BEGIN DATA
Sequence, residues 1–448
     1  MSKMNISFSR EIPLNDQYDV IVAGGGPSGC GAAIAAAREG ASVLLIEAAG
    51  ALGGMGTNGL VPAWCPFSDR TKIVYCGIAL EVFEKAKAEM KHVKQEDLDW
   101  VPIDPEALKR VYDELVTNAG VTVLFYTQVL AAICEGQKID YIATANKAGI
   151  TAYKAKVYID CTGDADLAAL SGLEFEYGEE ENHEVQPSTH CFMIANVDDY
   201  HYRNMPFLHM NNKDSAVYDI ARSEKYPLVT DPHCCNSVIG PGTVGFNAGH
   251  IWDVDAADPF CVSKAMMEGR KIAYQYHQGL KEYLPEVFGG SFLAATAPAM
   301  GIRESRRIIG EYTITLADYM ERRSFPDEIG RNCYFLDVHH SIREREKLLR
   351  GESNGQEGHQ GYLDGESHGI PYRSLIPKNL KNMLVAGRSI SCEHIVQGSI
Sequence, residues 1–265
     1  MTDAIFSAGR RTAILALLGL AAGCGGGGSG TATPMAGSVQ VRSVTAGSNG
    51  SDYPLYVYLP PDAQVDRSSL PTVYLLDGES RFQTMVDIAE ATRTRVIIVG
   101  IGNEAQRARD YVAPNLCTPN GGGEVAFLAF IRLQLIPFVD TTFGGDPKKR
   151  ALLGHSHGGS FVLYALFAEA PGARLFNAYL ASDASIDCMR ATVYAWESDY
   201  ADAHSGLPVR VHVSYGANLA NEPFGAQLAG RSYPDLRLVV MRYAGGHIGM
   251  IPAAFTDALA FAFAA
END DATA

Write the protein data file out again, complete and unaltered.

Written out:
Sequence, residues 1–448
     1  MSKMNISFSR EIPLNDQYDV IVAGGGPSGC GAAIAAAREG ASVLLIEAAG
    51  ALGGMGTNGL VPAWCPFSDR TKIVYCGIAL EVFEKAKAEM KHVKQEDLDW
   101  VPIDPEALKR VYDELVTNAG VTVLFYTQVL AAICEGQKID YIATANKAGI
   151  TAYKAKVYID CTGDADLAAL SGLEFEYGEE ENHEVQPSTH CFMIANVDDY
   201  HYRNMPFLHM NNKDSAVYDI ARSEKYPLVT DPHCCNSVIG PGTVGFNAGH
   251  IWDVDAADPF CVSKAMMEGR KIAYQYHQGL KEYLPEVFGG SFLAATAPAM
   301  GIRESRRIIG EYTITLADYM ERRSFPDEIG RNCYFLDVHH SIREREKLLR
   351  GESNGQEGHQ GYLDGESHGI PYRSLIPKNL KNMLVAGRSI SCEHIVQGSI
Sequence, residues 1–265
     1  MTDAIFSAGR RTAILALLGL AAGCGGGGSG TATPMAGSVQ VRSVTAGSNG
    51  SDYPLYVYLP PDAQVDRSSL PTVYLLDGES RFQTMVDIAE ATRTRVIIVG
   101  IGNEAQRARD YVAPNLCTPN GGGEVAFLAF IRLQLIPFVD TTFGGDPKKR
   151  ALLGHSHGGS FVLYALFAEA PGARLFNAYL ASDASIDCMR ATVYAWESDY
   201  ADAHSGLPVR VHVSYGANLA NEPFGAQLAG RSYPDLRLVV MRYAGGHIGM
   251  IPAAFTDALA FAFAA